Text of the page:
Garage sub panel

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Posted by: from Airdrie
8/25/2017 at 8:26:00 AM


I'm running electrical 240 v/30 amp to my sub panel in my detached garage. Question - Do I hook my neutral up? I think it should be but just want to confirm. Bare ground is hooked up to equipment ground on both ends. Picture shows sub where neutral would go.


Garage sub panel
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Tyler from Monster Electric in Edmonton
Date/Time8/25/2017 at 10:02:26 AM

Yep, hook it up unless you don't need/want 120v

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Date/Time8/25/2017 at 10:57:41 AM

I would connect the neutral wire up as you don't know what your requirements may be in the future. Without a neutral you'll have no 120 volt capabilities. That means no 120 volt lighting or 120 volt receptacles for power tools.

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Jeff in Airdrie
Date/Time8/25/2017 at 11:10:13 AM

Ok, thanks guys.

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Date/Time8/25/2017 at 1:53:30 PM

Hooked up the neutral for you to have 120v and the most important thing you have to remember to don't forget is to remove the neutral bond to the chassis as this may create issue down the road if you won't.

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Jarrod from JTB Electric Ltd. in Camrose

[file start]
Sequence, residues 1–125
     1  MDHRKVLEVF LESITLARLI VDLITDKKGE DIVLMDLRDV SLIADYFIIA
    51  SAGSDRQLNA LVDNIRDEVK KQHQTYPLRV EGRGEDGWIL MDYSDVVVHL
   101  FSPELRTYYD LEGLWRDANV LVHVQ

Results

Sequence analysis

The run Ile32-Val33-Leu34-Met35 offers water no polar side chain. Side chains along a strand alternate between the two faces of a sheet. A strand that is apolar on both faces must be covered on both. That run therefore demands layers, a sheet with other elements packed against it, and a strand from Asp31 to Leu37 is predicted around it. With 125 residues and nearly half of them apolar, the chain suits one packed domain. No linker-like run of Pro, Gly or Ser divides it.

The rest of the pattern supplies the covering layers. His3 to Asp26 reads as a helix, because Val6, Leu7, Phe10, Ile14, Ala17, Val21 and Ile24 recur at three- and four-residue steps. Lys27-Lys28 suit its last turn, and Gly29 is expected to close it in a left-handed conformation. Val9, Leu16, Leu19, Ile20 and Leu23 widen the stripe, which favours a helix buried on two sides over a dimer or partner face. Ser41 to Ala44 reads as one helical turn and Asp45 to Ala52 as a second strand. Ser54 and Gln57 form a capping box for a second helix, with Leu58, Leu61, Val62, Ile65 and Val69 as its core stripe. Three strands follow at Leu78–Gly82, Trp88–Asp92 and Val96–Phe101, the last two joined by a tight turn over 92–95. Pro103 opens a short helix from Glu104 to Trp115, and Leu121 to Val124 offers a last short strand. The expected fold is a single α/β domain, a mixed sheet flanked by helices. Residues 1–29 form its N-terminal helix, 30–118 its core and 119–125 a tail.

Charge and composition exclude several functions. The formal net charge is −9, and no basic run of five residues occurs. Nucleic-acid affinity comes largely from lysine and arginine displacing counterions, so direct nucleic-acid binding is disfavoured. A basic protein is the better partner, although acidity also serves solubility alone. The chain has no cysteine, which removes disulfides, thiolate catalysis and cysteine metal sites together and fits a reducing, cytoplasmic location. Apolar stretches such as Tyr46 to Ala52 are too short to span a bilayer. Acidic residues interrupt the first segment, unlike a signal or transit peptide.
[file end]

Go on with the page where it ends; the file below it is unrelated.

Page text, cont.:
Date/Time8/25/2017 at 3:20:34 PM

Yes of course you need to hookup the neutral. You'll need to remove the bonding screw tho.

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Date/Time8/25/2017 at 5:04:34 PM

While I am in support of people learning how to complete tasks to ensure that their house is better maintained and essentially adding value; it should be noted that this is not a DIY referral site.

While I don't want to sound like a protectionist (because really I am not), the only advice we should be giving to people on this site is to call an Licenced Electrical Contractor or advising people that if they are doing their own work (which I support), that it needs to be fully compliant with the CEC and a permit must be obtained where required.

Clearly if this poster does not know the requirements regarding the grounded conductor, he likely does not know about bonding screws, mounting heights, mechanical protection, voltage drop, etc.

John Kuehnl-Cadwell

Master Electrician

Datawise Solutions Inc

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Robert from ElecTriLight Ltd. in Oakville
Date/Time8/25/2017 at 7:20:07 PM

I too fear for the installer and the safety of the people using the power connected. (grounding especially in damp areas)

The basics of electrical and a sub panel require grounds, neutrals and live wires. If any of these are overlooked or connected improperly, serious risk of shocks or fire may result.

The countless times I have received a bad shock from removing a ground wire from DIY wiring is seriously a hazard. Neutrals and grounds are very different and should never be combined (except in certain cases) or confused.

.5 amp shock across your heart can be lethal and kill an adult or child. People think grounds and neutrals are not harmful, 100% they are.

At least ask a licensed contractor to come in and inspect your work before turning it on.

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